Router fence question....


Ive seen UHMW recommended as a router fence material so I looked it up at McMaster, and they have 90 degree pieces, 3.5" on each leg and 1/2" thick.
I was wondering if just using a piece of UHMW would provide enough precision. The tolerances for the UHMW itself are listed on the site (leg length and thickness tolerance are both .06). Its not the cheapest material in the world (8.56/ft) but if it holds up better than MDF, its almost a guaranteed "accurate" 90 degrees and pretty quick to just make a couple slots in to turn it into a sliding fence.
Any opinions?
Thanks! -Chris
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snipped-for-privacy@gmail.com wrote:

Shellacked and waxed MDF makes great fence material, IMO. I've faced my router fences (aluminium) with MDF and I've had no wear problems, it's extremely slick and totally FLAT. I made a number of ZCIs to go between the 2 fence halves.
Dave
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Yep. I much prefer mdf ... a router fence is going to take abuse; it's nice, hell imperative, to bury a bit in a fence on occasion, and a split fence, which comes in handy more often than not ... all easier/cheaper to maintain with mdf.
Just my tuppence ...
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Swingman wrote:

I agree with MDF over UHMW, but I'll also suggest MDO. The resin coating makes it about as smooth as you could want.
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Ive never seen MDO at the borg-like stores. Unfortunately, thats about all I have to shop at around here (without needing to buy lots of material I dont need).
Looks like MDF wins! Which makes sense.......when I accidentally destroy a fence its just a quick cut of MDF away from being fixed.
I was just worried about sealing it, but it looks like Shellac is the answer.
Thanks! -Chris
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snipped-for-privacy@gmail.com wrote:

For future record, they can usually order it.
MDF or scrap wood works fine for me.
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my bet is you could start by going to the $1 offcut rack near the panel saw at HD and then use a sled to make a 90 or four or five, 6 right angles from plywood, then screw them together. Just make sure you use the same slots at any later date. U probly wont need to.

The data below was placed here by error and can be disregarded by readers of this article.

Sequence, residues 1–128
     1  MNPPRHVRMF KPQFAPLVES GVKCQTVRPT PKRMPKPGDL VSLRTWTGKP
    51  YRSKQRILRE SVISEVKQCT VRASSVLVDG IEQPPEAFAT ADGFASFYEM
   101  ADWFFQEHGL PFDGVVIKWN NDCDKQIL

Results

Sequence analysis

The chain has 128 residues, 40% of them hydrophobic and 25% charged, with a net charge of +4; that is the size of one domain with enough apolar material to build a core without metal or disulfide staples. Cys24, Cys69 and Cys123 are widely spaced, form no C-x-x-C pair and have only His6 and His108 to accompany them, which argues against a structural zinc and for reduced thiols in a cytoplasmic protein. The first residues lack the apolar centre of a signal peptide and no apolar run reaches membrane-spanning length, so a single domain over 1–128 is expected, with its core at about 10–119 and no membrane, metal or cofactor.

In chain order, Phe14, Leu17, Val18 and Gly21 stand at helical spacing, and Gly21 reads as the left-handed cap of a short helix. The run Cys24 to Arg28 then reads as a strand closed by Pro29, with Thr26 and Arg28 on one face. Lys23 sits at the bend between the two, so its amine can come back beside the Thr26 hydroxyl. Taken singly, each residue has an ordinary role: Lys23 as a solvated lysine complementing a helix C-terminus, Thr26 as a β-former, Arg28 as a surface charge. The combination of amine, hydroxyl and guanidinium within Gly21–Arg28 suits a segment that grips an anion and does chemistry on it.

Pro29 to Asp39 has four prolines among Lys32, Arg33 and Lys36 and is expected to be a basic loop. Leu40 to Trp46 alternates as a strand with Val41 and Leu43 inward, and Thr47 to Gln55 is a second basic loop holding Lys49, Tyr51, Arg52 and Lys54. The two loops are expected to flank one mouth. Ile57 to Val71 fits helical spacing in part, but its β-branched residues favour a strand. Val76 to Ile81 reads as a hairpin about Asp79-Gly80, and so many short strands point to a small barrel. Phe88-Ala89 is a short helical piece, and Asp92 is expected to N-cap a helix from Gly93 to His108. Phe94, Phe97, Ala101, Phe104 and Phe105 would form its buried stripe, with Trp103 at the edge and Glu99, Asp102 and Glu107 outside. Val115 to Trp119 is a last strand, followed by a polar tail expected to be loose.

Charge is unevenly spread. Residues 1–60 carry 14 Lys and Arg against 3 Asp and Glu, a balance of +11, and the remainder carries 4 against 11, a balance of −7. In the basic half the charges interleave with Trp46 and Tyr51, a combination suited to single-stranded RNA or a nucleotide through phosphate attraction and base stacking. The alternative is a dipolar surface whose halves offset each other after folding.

-
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woops, ....for a piece of melamine. I made my sled this way. I may need to loose it, and unscrew the parts if it expands too much with moisture, but then again, maybe not. I waxed it and it glides like the wind.
-
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Sure, it's as accurate as any piece of wood you'll put up against it. You can also use your jointer to get a good square if it's not. The shavings stick, but a router or jointer/planer will do a good job on it.
Me, I use the tape and stick it to fences made out of wood products. Slick, renewable, and a lot cheaper.
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On 23 Feb 2006 08:26:37 -0800, snipped-for-privacy@gmail.com wrote:

I don't know that I'd necessarily use it as fence material, it seems like overkill. It's a lot easier to just use MDF or MDO, especially since you're going to likely use sacrificial pieces for zero clearance and you don't want to go chewing up your expensive UHMW. I don't know that you need something that slick for a fence either, I've found that UHMW makes excellent guides and runners for jigs, but beyond that, it's not really better than MDF or MDO.
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Does this also apply for the table itself?
Ive been planning on laminating with inexpensive formica, but if a fence gets "slippery" enough with shellaced MDF, then why would the table itself need to be laminated if its already MDF?
As long as shellac can seal out humidity, I should be able to get away without laminating it, no?
Thanks! -Chris
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Got a half-dozen years on my shellac-coated MDO table. Still slides nicely.
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Check out Pat Warner's site. His router table has an MDF top finished with Watco. That said, I have laminate on mine. Had some left over from a job. Available and paid for. The fence I use is UHMW. That too, was free. Got a chunk from work. 4 feet by 4 feet by 1.5 inches thick. Was supposed to be an airplane part until the guy on the mill didn't clamp it securely and threw it off the machine. After cutting out the bad parts, I have a stack of fences that should be good for life.

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On 23 Feb 2006 12:47:31 -0800, snipped-for-privacy@gmail.com wrote:

A lot of people do use straight MDF for their tabletop. Mine is melamine, but I could have just as easily gone the other way.
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Don't look to a piece of plastic to be an accurate anything unless you make it that way.

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Does anal retentive have a hyphen?

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Thanks for the constructive reply!
FYI - I dont believe it requires it, but you can probably get away with using a hyphen in that case.
I find it funny though, some people would say a tolerance of .06 is not close enough. Thats why I asked the question.
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Sorry about the late-nite sarcasm .. it was a long day.

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It could be +- 1/4" on any dimension and it would be fine. Straitness is what counts. .060" out of strait would be a real problem. Being extruded plastic, I wouldn't expect it to be any straiter than that.

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